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In a society that lacks opportunity for the majority of South African youth, does the idealisation of the flashy gangster and prosperous thug life inspire young boys and men to adopt the attitudes and actions that will too, in their mind, help them overcome adversity and establish their place in society?Danielle Hoffmeester looks at the societal issues that lead to gangsterism.Recently again, I heard rumours of an alleged high-ranking gangster moving into my community, and of how people who had resided in the area for most of their lives were now packing up and trying to sell their homes before a gang war broke out- an inevitability, they thought.
Don Pinnock, in his book ‘Gang Town’ noted that proposed solutions to gangsterism are general, unworkable, and lack analytic precision.
Efforts at combatting gang activity need to have a holistic and integrated analysis that includes much more than the regular response: Lock them up and throw away the key.
Furthermore, Cooper noted the marginalisation of these young men who used the gang institution to compensate for the disempowerment of their socio-historical context.
The topic of masculinity is one I revisit time and again because it affects the very lives of other, often marginalised identities, and because it is such a long-running enigma for many men.
There had been two stabbings and a fatal shooting in one week where I live.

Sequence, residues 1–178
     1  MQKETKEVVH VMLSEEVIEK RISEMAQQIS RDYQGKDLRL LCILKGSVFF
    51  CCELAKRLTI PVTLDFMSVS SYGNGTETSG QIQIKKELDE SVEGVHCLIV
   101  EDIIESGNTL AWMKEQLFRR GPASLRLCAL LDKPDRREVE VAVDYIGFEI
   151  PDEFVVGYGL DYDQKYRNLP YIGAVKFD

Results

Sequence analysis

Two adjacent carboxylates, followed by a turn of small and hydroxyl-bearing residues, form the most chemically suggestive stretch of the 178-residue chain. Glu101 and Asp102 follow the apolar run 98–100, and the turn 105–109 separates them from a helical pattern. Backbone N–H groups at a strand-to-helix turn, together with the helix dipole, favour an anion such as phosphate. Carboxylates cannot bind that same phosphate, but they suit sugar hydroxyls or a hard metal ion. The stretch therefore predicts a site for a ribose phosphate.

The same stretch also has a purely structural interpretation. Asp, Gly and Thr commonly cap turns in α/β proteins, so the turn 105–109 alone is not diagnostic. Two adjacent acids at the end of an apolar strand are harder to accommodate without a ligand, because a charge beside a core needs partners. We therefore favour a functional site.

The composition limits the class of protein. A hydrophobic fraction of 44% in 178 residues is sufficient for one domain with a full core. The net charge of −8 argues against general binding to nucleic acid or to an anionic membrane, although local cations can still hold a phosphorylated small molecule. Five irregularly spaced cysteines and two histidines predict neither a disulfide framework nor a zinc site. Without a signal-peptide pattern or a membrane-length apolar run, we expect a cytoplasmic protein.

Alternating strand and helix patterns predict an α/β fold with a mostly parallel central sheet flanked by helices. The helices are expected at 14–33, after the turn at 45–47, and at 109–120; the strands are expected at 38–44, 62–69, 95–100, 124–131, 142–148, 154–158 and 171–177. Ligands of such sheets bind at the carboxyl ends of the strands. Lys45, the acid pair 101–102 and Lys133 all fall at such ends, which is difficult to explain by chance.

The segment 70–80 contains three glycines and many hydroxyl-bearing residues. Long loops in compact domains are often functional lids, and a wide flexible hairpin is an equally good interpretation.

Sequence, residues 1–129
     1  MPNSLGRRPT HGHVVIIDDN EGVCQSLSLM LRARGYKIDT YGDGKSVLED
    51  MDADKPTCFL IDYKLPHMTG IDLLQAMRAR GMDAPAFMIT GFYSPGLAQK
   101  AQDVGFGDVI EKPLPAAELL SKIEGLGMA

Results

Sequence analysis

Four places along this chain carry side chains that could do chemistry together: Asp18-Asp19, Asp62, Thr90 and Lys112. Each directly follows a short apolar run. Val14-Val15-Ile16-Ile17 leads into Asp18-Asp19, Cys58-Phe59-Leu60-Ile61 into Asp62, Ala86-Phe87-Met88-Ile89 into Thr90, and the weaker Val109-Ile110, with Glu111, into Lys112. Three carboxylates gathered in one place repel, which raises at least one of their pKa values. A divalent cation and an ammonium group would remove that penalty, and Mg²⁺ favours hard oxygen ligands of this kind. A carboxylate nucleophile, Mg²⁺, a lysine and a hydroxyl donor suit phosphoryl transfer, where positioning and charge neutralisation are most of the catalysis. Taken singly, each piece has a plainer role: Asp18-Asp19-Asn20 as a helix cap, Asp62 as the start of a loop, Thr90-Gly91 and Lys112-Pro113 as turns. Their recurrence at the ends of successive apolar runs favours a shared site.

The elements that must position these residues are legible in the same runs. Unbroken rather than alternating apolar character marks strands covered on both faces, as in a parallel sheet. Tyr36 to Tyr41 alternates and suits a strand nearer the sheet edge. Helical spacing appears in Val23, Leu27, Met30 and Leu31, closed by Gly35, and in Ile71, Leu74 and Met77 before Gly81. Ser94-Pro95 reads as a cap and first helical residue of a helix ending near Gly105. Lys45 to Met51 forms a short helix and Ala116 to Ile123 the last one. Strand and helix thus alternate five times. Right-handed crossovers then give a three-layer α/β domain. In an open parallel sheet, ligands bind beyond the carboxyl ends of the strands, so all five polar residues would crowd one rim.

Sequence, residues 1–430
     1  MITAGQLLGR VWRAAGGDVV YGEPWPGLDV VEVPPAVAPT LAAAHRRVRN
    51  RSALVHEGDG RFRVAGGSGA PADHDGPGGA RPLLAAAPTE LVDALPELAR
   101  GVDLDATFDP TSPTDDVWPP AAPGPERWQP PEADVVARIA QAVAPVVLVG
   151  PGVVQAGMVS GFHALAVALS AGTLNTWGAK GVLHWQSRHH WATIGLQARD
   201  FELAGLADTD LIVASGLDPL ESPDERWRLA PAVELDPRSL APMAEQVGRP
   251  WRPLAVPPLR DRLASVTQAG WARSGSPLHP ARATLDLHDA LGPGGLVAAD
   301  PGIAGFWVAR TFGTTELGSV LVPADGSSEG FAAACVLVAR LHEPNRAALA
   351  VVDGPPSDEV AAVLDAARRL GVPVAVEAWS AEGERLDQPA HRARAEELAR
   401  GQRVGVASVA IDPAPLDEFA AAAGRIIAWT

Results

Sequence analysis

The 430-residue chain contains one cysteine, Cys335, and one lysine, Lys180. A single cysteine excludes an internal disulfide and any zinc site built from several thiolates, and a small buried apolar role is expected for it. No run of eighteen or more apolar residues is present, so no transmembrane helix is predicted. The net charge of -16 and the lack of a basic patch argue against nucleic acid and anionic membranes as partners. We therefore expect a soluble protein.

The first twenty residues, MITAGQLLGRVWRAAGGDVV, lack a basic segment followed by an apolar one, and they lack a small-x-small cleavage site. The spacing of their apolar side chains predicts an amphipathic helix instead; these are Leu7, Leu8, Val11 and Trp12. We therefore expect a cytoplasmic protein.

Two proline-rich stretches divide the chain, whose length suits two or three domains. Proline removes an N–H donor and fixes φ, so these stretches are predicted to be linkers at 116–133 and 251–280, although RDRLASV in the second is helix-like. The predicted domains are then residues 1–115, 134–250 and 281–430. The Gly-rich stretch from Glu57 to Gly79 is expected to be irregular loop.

Word-of-mouth warnings to avoid certain spots at particular hours spread.Public perception within these communities are that the police are incompetent or in cahoots with gangs.As much as it pains community members to admit it, many believe that gangs rule their respective areas.He asked the boys, aged 16 and 17 years old, about initiation practices, and was told that initiation was referred and related to displays of fearlessness and the need to prove oneself; to be devoid of fear, to be which literally translates as ‘strong bones’.Cooper noted that sterkbene is an ongoing process that is never fulfilled; it is constantly re-enacted through violence, like killings and rapes.With the ubiquity of mass communication which, problematically, portrays stereotypical and harmful representations of masculinity, it is of little wonder that manhood is equated with violence, aggression, blind bravery, and unwavering strength.The idealisation of the flashy gangster and prosperous thug life, represented both in urban music and in the homes, is what inspires young boys and men to adopt the attitudes and actions that will too, in their mind, help them overcome adversity and establish their place in society.Apart from understanding how apartheid has disenfranchised black people, and how its consequences of poverty and unemployment intersect and create gangs, it is imperative to consider and comprehend how ideas about manhood and masculinity impact boys, in particular, and how they perceive gangs, and why the latter appeals to them.Gang violence must be understood within the context of entrenched socio-cultural notions about male superiority and privilege, as well as the social impact and legacy of apartheid, political exclusion, and unemployment on generations of young black men.With limited spaces of respectability open for boys to enter into, they search for alternative avenues to access respect, attention, and power.To stunt the proliferation of gangs and halt violence in its myriad forms, we must interrogate, challenge, and change ideas of masculinity. Africa contributors and editors are their own and not official statements of the Society of Jesus in South Africa or of the Catholic Church unless explicitly stated.